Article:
The European Antitrust Review 2015 • Section 4: Country chapters
Portugal: Competition Authority
President of the Competition Authority
At the beginning of its second decade, the Portuguese Competition Authority (PCA) has initiated a new phase. A new Board took office in September 2013 and has set the goal of further building an independent, impartial and accountable agency that acts in a dynamic, firm yet flexible way, with enhanced transparency and efficiency.
This new phase of the PCA will also be characterised by full implementation of the recent reform of the Portuguese competition legal and institutional framework. The reform process started in 2012 with the approval of a new Competition Act and the creation of a new specialised Competition, Regulation and Supervision Court. In May 2014, new by-laws of the PCA were approved that are expected to enhance the guarantees of independence and financial autonomy of the PCA. The PCA actively participated in this reform process and is now eager to fully put into practice the legislative and institutional reforms, together with the Courts and the business and legal communities.
The PCA is committed to contribute, through the promotion of effective competition in the market, to a sustained economic recovery process in the context of the current economic and financial crisis. It is the PCA’s firm conviction that competition is crucial to increase productivity and competitiveness and promote innovation, and will proactively play its role.
First, the PCA is prioritising the establishment of an effective and transparent antitrust enforcement, placing particular emphasis on the fight against cartels. A visible step towards this goal is the creation of the new Anti-Cartel Unit by the Board immediately after taking office. This unit is currently handling the high-profile cartel case in the banking sector. Over the course of the investigation, the PCA has carried out dawn-raids in a large number of locations with the use of IT forensic tools, made possible due to a clearer competition legal framework set out after the review in 2012. The complexity of this case has no parallel in previous cases of the PCA. Other cartel investigations are being conducted, including bid-rigging.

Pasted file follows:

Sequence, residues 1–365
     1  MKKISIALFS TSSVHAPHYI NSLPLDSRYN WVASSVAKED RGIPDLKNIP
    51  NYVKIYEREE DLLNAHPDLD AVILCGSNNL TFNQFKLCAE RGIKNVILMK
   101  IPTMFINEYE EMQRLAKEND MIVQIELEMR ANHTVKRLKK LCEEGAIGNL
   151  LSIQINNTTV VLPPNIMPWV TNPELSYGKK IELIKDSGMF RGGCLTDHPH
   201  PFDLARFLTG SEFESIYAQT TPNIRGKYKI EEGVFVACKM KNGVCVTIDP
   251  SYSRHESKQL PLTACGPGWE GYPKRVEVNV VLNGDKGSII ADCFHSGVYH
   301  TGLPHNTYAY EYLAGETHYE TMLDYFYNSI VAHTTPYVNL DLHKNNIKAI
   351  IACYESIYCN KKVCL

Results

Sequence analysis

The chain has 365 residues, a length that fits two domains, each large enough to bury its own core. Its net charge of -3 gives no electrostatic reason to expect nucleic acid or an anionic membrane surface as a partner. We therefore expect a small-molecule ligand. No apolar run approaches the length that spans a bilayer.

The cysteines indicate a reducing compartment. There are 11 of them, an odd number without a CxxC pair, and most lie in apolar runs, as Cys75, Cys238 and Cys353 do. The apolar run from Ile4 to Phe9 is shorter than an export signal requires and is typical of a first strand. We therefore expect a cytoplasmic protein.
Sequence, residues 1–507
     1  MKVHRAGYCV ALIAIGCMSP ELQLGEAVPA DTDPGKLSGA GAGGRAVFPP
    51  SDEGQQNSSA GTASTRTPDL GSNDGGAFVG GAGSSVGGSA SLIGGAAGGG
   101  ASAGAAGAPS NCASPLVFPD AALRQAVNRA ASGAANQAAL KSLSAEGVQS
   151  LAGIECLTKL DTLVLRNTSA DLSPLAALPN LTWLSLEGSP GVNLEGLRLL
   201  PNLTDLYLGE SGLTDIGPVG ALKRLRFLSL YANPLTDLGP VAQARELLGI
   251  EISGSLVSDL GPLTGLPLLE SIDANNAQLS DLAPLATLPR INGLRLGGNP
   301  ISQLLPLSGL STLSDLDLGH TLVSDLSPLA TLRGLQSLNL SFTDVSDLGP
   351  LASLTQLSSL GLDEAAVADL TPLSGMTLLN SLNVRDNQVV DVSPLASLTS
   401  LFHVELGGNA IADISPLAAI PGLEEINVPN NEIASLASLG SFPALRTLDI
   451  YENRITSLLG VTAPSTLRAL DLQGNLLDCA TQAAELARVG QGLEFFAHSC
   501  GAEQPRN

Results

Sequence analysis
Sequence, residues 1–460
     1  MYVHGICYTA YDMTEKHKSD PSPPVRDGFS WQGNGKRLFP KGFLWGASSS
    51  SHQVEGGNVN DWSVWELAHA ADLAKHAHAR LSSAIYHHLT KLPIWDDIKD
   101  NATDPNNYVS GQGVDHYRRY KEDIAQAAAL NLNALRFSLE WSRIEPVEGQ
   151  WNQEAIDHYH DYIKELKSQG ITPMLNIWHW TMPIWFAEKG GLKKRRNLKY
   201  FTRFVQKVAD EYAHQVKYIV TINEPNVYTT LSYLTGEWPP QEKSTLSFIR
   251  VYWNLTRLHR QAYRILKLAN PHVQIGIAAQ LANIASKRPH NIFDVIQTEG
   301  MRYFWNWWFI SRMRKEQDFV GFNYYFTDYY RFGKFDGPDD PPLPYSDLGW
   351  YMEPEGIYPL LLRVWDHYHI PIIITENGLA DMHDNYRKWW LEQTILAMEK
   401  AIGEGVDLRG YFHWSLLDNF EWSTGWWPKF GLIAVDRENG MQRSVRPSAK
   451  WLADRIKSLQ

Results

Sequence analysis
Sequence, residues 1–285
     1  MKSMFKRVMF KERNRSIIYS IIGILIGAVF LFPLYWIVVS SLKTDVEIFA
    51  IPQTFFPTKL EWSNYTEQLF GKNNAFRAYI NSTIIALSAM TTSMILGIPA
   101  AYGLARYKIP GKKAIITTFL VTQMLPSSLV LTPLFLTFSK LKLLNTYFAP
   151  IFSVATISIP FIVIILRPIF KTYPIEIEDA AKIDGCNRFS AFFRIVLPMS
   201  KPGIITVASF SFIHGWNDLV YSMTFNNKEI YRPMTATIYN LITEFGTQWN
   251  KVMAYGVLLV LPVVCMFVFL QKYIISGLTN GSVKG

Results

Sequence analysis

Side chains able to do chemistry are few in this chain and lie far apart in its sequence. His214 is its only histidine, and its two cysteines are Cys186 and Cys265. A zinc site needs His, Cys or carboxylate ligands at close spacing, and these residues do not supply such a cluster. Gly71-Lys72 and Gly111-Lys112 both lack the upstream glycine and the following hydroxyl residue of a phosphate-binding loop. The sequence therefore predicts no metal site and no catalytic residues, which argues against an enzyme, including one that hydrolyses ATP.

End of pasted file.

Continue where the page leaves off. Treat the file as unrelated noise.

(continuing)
The Anti-Cartel Unit is also consolidating expertise in dealing with leniency applications, thus expediting procedures, enhancing legal certainty for potential applicants and promoting the attractiveness of the program, as well as focusing on ex officio investigations.
The current set of ongoing cases shows that the PCA is active in many different sectors and looking into diverse types of potential competition infringements, targeting other anti-competitive practices besides cartels. In May 2014, the PCA issued a statement of objections regarding possible vertical restraints in the distribution of bottled liquefied petroleum gas, one of several investigations being conducted by the PCA.
The effectiveness of the antitrust enforcement of the PCA is also being enhanced by the use of new powers and procedural tools resulting from the amendment of the Competition Act in 2012. The ability to set priorities in the use of its enforcement powers allows for a better allocation of resources, focusing on the most serious restrictions to competition and those that may have a greater impact on consumer welfare and the economy. The Competition Act of 2012 has also reinforced the PCA’s investigative tools, namely its powers to conduct dawn raids and the possibility of concluding investigations with a settlement decision. The PCA issued its first settlement decision in a cartel case in 2013, and will continue to use this procedure whenever it deems appropriate.
The increased focus on ensuring due process and robust competition analysis seems to be producing the intended results. Since the creation of the new specialised Court on Competition, all PCA’s antitrust decisions have been upheld.